// Define data set for populating the database
    theInitialData
      =  builder(theTable)
        .sequence("ID", 0)
        .value("LOGIN", "root")
        .sequence("PASSWORD", i -> "pass" + i)
        .nullValue("NAME")
        .value("CREATED", FIXED_DATE)
        .value("ROLE", ADMIN)
        .generate(1)
        .sequence("LOGIN", "alice", "bob", "charles")
        .sequence("NAME",  "Alice", "Bob", "Charles")
        .value("ROLE", REGULAR)
        .generate(3)
        .sequence("LOGIN", i -> "guest" + i, 1)
        .sequence("NAME",  i -> "Guest User " + i, 1)
        .value("ROLE", GUEST)
        .generate(2)
        .data();
    // dump(theInitialData, System.err);
    

Uncomment the last statement above, the call to dump, if you wish to see some debug output sent to System.err listing the data set. The following table summarizes the created entries (note that FIXED_DATE equals 2016-01-01):

ID LOGIN NAME PASSWORD ROLE CREATED
0 root NULL pass0 ADMIN 2016-01-01
1 harry Harry pass1 REGULAR 2016-01-01
2 mark Mark pass2 REGULAR 2016-01-01
3 john John pass3 REGULAR 2016-01-01
4 guest1 Guest User 1 pass4 GUEST 2016-01-01
5 guest2 Guest User 2 pass5 GUEST 2016-01-01
  • The data set of the previous step, theInitialData, is used to populate the database table.

    // Populate database using the built data set
    populate(theInitialData);
    
  • The final step disables auto-commit for the JDBC connection, a prerequisite for using JDBDT save-points, that are discussed later in this tutorial.

    // Set auto-commit off (to allow for save-points)
    theDB.getConnection().setAutoCommit(false);
    

Test teardown

The globalTeardown method of UserDAOTest, annotated with JUnit’s @AfterClass annotation, is executed after all tests are done. Its purpose is to leave the test database in a clean state and freeing up any resources.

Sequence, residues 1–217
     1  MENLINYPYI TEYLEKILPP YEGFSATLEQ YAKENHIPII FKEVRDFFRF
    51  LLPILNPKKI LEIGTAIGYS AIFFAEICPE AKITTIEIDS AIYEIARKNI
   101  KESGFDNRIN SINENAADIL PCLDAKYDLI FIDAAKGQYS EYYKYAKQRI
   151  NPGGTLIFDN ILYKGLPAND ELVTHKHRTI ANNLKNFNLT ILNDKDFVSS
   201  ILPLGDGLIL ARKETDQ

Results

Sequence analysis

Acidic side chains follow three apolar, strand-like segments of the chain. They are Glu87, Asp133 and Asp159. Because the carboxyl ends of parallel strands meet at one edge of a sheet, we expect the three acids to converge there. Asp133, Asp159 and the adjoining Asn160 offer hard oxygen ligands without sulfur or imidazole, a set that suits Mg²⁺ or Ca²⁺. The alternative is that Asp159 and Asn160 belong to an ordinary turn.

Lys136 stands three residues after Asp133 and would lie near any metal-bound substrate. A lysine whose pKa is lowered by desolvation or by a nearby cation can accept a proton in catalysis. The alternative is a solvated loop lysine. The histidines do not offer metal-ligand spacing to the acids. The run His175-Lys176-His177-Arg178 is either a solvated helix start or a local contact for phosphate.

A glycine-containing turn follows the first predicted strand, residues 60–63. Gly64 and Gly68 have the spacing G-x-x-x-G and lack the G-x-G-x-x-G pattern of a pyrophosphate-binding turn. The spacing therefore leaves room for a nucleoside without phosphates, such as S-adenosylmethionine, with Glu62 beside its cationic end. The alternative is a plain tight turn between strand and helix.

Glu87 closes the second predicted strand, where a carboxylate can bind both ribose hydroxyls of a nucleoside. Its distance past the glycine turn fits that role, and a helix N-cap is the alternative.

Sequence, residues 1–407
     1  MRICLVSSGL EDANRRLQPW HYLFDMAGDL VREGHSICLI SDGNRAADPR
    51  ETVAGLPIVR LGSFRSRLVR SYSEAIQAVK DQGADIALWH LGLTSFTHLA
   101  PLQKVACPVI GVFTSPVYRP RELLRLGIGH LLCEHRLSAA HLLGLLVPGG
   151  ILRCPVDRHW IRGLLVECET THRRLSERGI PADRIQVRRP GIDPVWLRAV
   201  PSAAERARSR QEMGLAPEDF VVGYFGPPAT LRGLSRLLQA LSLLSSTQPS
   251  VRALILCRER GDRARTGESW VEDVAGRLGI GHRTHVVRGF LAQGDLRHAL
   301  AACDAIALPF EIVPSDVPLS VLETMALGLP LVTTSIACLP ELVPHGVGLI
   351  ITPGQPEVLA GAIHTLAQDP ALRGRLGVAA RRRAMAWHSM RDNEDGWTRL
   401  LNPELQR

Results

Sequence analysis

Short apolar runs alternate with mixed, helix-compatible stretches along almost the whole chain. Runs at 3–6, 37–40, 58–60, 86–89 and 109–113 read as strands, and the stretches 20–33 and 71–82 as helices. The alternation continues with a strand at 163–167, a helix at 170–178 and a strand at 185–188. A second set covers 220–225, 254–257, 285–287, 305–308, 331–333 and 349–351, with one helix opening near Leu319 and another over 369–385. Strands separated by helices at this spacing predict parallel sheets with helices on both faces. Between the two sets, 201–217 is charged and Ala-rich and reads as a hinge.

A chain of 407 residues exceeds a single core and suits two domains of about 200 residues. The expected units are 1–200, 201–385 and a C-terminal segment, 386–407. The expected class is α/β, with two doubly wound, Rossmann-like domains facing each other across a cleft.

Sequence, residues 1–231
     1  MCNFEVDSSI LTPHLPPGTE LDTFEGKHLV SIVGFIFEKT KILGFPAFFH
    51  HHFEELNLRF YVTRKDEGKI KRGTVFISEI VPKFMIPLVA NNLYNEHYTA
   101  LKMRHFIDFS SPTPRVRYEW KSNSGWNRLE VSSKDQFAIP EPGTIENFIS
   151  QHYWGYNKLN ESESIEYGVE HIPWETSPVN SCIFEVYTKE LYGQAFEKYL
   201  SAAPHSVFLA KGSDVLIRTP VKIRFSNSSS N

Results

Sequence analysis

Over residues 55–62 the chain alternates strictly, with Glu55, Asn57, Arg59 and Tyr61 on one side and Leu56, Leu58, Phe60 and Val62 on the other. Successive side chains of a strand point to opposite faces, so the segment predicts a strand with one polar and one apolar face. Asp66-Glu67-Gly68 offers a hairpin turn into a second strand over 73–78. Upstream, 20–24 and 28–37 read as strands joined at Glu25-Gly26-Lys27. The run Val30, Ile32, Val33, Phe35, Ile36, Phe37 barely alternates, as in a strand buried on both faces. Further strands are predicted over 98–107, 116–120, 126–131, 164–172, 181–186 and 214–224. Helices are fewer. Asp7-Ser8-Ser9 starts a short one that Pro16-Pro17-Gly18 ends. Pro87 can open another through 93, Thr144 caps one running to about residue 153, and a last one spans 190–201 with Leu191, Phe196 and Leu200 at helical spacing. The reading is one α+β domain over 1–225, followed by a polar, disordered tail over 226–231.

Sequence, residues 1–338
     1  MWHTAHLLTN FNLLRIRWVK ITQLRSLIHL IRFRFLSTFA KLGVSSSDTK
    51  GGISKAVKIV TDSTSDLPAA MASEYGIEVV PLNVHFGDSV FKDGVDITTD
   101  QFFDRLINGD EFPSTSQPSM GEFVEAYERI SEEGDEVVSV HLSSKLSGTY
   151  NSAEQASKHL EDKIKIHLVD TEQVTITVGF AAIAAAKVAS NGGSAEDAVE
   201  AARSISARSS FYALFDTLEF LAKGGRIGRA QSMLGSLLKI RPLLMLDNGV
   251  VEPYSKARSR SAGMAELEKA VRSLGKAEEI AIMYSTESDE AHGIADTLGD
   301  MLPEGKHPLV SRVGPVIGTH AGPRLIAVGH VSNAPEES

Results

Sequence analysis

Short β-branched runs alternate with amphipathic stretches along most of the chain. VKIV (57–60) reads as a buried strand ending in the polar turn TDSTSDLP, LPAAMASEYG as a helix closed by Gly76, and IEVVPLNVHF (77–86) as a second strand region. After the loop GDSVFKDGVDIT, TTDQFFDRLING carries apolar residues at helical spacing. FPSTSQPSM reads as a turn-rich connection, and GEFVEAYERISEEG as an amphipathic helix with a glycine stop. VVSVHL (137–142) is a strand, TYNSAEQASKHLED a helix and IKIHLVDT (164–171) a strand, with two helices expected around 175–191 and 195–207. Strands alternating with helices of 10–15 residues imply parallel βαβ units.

@AfterClass 
public static void globalTeardown() {
  truncate(theTable);
  teardown(theDB, true);
}

The truncate(theTable) statement truncates the USERS table. Then teardown(theDB, true) frees up any internal resources used by the database handle and closes the underlying database connection.

Per-test setup and tear-down

In UserDAOTest, the saveState and restoreState methods are executed respectively before and after each test, in line with the @Before and @After JUnit annotations in each method below. Their purpose is to make sure each test starts with the same initial database state (described earlier), making use of JDBDT save-points.

@Before
public void saveState() {
  // Set save point
  save(theDB);
}

@After
public void restoreState() {
  // Restore state to save point
  restore(theDB);
}

The save(theDB) call creates a database save-point, beginning a new database transaction. In symmetry, the restore(theDB) call rolls back any database changes made by the current transaction to the JDBDT save-point. Note also that, for portability reasons, only one save-point is maintained per database handle and that there must be exactly one call to restore per each call to save.